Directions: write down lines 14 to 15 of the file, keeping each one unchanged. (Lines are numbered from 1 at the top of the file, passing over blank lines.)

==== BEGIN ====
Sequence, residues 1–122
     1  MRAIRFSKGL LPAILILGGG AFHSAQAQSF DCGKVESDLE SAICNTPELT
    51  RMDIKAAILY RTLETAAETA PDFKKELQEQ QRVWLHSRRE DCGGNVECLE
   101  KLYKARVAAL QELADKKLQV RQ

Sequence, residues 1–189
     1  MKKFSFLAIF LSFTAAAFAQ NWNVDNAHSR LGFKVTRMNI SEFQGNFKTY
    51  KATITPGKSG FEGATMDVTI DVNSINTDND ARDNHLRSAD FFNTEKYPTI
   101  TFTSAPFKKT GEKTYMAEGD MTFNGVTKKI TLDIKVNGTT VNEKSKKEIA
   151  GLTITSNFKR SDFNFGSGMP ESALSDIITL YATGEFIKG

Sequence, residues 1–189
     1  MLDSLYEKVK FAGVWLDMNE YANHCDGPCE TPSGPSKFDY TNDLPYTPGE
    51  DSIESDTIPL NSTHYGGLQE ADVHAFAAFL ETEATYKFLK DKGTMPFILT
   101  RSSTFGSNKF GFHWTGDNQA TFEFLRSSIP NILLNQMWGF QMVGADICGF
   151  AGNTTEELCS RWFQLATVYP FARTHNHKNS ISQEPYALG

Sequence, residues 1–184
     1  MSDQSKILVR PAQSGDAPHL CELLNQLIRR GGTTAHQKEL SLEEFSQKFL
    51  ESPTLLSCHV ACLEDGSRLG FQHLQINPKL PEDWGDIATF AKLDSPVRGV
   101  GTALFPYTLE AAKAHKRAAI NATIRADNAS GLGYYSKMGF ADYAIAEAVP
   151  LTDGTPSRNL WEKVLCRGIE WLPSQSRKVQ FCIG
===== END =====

   151  AGNTTEELCS RWFQLATVYP FARTHNHKNS ISQEPYALG

Sequence, residues 1–184